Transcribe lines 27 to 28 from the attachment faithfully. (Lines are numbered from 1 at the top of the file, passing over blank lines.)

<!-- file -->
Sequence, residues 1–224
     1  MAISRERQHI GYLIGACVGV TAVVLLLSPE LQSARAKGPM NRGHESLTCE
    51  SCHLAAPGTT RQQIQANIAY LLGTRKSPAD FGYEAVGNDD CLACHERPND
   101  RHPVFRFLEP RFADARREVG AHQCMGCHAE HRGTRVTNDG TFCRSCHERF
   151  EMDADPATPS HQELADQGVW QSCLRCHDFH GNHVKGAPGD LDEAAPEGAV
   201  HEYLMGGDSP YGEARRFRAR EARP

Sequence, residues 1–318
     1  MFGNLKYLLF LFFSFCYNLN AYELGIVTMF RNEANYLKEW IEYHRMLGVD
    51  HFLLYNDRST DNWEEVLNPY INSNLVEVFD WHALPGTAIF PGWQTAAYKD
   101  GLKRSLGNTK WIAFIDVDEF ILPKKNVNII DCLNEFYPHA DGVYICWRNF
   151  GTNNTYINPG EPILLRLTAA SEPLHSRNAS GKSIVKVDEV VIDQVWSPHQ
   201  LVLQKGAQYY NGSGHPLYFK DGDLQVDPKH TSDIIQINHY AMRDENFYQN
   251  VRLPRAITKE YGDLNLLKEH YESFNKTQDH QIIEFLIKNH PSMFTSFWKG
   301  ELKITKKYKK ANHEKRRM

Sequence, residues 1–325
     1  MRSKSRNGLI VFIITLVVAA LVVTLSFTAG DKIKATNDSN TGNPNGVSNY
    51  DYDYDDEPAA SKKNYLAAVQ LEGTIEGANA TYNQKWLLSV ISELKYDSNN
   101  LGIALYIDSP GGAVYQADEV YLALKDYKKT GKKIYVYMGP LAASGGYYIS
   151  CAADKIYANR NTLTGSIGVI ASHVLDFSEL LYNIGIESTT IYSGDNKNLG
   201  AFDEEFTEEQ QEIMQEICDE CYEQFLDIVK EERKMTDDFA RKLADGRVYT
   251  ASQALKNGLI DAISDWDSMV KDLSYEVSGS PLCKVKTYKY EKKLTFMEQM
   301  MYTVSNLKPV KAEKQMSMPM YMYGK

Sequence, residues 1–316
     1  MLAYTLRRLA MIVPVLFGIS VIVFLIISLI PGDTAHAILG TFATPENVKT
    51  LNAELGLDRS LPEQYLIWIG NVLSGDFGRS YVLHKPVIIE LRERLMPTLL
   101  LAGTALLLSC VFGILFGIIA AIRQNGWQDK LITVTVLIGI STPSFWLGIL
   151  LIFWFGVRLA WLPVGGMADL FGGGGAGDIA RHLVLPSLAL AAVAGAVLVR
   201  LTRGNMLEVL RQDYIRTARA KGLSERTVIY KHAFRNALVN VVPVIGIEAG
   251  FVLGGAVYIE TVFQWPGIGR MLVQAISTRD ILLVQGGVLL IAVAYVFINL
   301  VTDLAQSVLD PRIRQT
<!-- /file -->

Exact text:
   151  LIFWFGVRLA WLPVGGMADL FGGGGAGDIA RHLVLPSLAL AAVAGAVLVR
   201  LTRGNMLEVL RQDYIRTARA KGLSERTVIY KHAFRNALVN VVPVIGIEAG